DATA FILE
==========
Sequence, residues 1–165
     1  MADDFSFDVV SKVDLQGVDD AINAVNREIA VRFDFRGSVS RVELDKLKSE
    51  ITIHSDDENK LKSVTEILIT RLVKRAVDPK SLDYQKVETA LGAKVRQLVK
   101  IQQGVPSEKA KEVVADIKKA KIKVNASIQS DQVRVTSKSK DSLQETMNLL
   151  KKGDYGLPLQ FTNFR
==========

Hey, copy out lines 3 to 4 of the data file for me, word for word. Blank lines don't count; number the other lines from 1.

    51  ITIHSDDENK LKSVTEILIT RLVKRAVDPK SLDYQKVETA LGAKVRQLVK
   101  IQQGVPSEKA KEVVADIKKA KIKVNASIQS DQVRVTSKSK DSLQETMNLL